Listening to an interview with cellist Matthew Barley on his latest recording of John Tavener’s The Protecting Veil, the issue of improvisation came up. In this wonderful new recording (and I wholeheartedly recommend it) Barley sets the Tavener work alongside, not the usual suspects (ie other works for cello or Tavener’s own music), but some of Tavener’s favourite poetry and, most interestingly, Indian music. Much to the fore in the Indian music is improvisation, and Barley is keen for us to know that his performance with tabla player ‘Pinky’ Singh, was recorded in a single take, as were his own improvisatory additions to an orchestral arrangement of Tavener’s Mother and Child. In the interview (with James Jolly on a Gramophone podcast) the question was asked, when did musicians stop improvising? (Hear the whole interview here - https://www.gramophone.co.uk/podcast/john-taveners-the-protecting-veil-matthew-barley)
As an organist, improvisation is not so much a part of my musical life but vital to it. An organist who cannot and does not improvise is not an organist – they may be able to play music on it, but they cannot play it as a musical instrument. It worries me deeply how many so-called organists there are who do not improvise. Only the other day a few organists came to look at our tiny little chamber organ – five stops and a heavily truncated single manual. Surely, with such a diminished instrument, the obvious way to explore its potential was through improvisation. But did they improvise? Not a bit of it. They tried little bits of half-remembered hymn tunes and party-pieces designed for something with rather more resources. Nobody thought to doodle around exploring how the stops in individuality and combination might sound in their own right. A visiting so-called organist to a church I was attending was invited to play the concluding voluntary. He asked for music, but music was there none. So he fumbled his way grotesquely through a partially-recalled Bach Fugue much to the detriment of himself and the organ. Why did he not just improvise?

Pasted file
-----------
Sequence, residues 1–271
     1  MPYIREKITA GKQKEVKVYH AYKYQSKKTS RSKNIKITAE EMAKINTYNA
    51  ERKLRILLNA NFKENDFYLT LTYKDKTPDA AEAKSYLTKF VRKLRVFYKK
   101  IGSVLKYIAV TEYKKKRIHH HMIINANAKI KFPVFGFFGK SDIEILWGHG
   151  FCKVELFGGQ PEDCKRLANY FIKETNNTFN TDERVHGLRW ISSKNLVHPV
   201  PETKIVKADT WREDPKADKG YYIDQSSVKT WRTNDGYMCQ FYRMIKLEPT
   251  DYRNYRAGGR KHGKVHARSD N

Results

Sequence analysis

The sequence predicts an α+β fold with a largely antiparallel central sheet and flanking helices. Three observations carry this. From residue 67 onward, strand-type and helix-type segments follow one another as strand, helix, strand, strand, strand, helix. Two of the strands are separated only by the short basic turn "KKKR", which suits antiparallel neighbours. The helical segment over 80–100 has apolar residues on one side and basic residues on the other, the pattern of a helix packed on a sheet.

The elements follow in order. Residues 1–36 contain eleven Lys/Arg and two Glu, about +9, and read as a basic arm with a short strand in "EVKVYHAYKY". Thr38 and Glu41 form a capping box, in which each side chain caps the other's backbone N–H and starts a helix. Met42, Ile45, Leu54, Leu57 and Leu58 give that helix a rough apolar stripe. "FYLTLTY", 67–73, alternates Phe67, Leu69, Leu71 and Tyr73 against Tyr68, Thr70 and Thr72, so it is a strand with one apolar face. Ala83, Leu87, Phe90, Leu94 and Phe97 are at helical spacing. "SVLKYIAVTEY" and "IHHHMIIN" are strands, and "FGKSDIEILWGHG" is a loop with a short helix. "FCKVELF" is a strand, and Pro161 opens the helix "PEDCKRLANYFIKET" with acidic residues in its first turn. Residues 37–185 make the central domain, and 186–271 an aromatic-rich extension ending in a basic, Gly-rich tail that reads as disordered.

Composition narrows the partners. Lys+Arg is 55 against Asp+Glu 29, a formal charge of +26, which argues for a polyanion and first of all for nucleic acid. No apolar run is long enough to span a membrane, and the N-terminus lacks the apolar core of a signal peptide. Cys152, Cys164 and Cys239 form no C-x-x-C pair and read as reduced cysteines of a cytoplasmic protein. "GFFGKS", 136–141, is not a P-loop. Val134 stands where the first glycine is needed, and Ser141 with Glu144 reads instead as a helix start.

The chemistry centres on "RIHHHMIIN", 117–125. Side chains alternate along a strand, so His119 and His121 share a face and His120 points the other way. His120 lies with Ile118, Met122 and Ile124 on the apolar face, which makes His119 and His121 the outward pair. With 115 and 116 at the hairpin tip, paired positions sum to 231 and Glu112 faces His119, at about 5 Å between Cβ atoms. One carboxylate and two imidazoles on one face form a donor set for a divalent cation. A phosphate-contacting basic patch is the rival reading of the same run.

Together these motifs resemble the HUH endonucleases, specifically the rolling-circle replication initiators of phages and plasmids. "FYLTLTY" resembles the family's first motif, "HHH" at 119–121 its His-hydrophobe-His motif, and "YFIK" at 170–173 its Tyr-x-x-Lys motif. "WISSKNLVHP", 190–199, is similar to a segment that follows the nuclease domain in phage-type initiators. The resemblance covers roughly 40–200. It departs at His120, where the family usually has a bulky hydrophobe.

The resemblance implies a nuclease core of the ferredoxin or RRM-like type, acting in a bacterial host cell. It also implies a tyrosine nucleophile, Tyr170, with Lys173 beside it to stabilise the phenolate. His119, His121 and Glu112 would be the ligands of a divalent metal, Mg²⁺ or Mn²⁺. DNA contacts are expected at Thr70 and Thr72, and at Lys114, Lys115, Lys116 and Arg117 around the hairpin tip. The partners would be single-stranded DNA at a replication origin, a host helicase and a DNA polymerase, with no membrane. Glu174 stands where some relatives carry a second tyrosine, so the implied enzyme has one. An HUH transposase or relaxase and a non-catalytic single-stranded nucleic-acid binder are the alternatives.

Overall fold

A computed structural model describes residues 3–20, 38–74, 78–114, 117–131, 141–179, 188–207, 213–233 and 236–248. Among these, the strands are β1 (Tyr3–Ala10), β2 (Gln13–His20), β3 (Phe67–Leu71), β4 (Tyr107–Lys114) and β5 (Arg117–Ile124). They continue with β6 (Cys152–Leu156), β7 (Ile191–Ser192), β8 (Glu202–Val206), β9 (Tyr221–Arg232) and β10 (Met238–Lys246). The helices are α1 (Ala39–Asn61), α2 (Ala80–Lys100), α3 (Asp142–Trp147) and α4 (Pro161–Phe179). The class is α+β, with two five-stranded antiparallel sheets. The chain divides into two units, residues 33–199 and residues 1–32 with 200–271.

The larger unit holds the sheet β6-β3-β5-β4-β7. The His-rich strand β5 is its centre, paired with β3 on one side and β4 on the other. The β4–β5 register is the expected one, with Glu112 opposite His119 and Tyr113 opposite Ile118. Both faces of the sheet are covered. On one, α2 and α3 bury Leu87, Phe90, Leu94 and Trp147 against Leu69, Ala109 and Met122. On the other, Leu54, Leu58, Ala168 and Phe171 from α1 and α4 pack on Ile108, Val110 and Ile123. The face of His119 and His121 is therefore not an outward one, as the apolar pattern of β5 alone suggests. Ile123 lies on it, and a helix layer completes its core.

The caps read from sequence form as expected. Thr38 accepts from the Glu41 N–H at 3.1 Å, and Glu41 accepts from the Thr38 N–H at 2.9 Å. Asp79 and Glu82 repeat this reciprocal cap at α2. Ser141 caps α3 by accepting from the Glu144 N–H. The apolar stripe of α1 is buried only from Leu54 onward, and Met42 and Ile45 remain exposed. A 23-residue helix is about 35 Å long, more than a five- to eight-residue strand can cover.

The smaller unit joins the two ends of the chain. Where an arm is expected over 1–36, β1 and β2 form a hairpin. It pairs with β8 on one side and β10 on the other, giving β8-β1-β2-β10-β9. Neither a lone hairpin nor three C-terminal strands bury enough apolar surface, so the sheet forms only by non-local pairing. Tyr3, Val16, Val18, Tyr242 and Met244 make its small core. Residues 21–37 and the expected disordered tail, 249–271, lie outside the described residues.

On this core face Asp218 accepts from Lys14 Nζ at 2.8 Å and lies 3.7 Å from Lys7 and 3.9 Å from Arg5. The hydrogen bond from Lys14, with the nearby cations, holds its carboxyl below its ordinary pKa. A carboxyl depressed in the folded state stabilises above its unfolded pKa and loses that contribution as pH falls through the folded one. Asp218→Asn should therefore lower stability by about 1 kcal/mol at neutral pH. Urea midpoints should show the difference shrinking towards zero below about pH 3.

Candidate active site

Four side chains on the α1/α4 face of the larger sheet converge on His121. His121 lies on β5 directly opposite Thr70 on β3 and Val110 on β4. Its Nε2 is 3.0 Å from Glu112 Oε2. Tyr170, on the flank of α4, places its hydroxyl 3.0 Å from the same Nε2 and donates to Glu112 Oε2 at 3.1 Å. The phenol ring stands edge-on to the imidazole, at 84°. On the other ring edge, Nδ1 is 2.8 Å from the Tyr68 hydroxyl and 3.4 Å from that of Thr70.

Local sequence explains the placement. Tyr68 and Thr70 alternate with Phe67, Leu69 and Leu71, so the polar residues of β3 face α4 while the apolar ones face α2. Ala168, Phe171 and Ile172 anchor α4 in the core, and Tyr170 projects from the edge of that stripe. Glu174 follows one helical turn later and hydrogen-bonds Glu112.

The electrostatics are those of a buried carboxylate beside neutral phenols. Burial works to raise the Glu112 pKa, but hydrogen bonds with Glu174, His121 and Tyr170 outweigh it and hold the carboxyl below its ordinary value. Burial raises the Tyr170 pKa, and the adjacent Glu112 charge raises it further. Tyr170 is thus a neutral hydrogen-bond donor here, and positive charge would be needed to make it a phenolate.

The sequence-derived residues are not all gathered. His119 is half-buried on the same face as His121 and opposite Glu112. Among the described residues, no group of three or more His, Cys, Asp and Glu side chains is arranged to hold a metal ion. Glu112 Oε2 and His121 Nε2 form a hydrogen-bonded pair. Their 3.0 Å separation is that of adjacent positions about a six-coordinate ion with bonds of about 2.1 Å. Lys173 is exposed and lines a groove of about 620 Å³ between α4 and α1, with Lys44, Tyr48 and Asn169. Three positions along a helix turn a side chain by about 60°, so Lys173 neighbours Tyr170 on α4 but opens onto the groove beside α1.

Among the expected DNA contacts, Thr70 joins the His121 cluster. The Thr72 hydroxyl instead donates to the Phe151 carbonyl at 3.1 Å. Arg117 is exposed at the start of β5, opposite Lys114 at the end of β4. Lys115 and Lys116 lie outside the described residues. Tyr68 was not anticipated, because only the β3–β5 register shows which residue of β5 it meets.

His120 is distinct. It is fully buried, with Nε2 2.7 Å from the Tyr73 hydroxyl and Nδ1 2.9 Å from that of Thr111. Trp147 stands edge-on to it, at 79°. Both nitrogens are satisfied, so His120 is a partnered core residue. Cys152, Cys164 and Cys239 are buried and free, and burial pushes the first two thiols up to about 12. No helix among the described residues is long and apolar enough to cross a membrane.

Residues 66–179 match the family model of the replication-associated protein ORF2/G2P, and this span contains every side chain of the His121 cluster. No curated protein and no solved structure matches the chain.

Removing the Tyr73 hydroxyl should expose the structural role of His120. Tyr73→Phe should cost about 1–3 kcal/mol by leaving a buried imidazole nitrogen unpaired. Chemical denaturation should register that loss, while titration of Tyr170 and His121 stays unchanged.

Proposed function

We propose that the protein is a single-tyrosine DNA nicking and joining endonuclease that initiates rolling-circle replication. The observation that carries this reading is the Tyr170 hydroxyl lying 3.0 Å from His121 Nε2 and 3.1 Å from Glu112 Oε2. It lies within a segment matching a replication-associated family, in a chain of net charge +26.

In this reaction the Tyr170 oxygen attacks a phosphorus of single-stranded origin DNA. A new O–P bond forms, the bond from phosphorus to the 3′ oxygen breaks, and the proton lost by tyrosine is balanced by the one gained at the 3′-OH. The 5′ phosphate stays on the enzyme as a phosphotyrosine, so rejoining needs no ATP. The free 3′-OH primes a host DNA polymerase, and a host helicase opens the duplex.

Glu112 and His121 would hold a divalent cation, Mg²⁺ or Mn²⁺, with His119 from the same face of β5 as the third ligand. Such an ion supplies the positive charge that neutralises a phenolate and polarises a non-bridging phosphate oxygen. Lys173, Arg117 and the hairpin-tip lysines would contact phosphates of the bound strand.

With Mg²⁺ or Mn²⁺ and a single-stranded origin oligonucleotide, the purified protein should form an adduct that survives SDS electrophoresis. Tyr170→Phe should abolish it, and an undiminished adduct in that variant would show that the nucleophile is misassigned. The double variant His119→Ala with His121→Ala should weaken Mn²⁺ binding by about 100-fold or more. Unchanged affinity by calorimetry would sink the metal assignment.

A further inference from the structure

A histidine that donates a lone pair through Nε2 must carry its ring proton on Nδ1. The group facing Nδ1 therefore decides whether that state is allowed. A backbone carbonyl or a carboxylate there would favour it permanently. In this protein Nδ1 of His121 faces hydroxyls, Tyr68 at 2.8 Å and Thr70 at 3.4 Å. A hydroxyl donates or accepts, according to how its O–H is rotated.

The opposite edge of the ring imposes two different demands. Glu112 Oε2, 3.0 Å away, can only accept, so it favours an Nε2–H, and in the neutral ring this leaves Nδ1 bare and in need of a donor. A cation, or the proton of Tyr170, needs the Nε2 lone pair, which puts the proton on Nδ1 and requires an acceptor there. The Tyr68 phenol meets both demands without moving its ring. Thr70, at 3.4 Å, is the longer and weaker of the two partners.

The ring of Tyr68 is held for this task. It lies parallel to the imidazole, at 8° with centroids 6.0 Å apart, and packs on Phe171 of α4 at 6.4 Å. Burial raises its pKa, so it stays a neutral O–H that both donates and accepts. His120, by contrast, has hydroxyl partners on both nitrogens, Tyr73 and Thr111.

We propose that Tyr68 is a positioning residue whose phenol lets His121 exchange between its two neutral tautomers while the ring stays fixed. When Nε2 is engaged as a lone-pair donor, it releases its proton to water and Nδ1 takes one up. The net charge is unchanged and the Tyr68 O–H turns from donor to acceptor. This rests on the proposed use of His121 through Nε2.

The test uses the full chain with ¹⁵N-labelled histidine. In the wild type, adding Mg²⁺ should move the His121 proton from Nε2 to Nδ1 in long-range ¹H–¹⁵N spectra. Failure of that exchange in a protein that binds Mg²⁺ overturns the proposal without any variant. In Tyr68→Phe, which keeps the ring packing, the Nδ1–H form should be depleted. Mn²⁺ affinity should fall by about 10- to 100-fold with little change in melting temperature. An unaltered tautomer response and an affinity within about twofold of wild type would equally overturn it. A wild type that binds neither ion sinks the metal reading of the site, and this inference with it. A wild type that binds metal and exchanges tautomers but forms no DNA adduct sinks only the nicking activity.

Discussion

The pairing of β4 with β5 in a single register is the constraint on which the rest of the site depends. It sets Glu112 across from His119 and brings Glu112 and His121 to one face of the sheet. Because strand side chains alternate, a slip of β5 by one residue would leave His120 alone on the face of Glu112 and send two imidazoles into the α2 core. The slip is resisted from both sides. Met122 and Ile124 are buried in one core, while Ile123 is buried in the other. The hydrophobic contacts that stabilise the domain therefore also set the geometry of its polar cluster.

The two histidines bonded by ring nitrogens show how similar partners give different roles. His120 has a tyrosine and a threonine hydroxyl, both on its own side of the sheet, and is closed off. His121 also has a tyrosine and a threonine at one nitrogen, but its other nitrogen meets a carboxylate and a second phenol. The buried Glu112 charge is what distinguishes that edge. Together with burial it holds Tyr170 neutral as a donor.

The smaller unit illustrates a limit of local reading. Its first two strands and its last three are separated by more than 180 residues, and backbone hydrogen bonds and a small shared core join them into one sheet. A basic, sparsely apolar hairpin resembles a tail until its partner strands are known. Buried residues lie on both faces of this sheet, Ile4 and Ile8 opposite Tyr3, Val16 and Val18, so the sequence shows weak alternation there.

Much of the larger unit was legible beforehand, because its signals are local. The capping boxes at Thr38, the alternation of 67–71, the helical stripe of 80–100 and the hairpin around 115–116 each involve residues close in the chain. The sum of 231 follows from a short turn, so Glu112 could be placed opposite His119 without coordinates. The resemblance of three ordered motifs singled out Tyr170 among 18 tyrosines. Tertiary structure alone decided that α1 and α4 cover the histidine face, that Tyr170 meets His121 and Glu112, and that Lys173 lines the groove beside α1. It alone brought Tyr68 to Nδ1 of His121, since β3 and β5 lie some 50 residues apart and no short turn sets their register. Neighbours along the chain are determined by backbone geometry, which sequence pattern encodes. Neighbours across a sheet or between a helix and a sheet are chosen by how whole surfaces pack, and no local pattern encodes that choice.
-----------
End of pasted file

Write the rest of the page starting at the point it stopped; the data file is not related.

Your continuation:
That said, proper organists do improvise, proper organ teachers guide students on the joys of improvisation, and proper organ students seek out a teacher who can instil into them the confidence to become competent improvisers. In the worlds of jazz and most non-western musics, improvisation is key to being a musician. The question is, however, why have “classical” musicians lost the ability to improvise? How many piano teachers, string teachers, wind teachers, brass teachers teach improvisation? I suspect one in a million, if that. And if I ask why they don’t teach it, the response is always “there is no need”. Yet there is surely no better way to familiarise yourself with the instrument you play than through improvisation.
Apparently right up until the closing years of the 19th century, improvisation was part of every classical musician’s vocabulary. I didn’t know that. I knew, of course, that up to Beethoven pianists and other concerto soloists were expected to improvise cadenzas in concertos, and in the 17th and 18th centuries improvised ornamentation was expected of any player. (And how puerile most modern-day musicians sound when they slavishly follow some desiccated pattern for trills, turns and the like as written out in theory textbooks, rather than fall back on their long-dormant musical instincts.)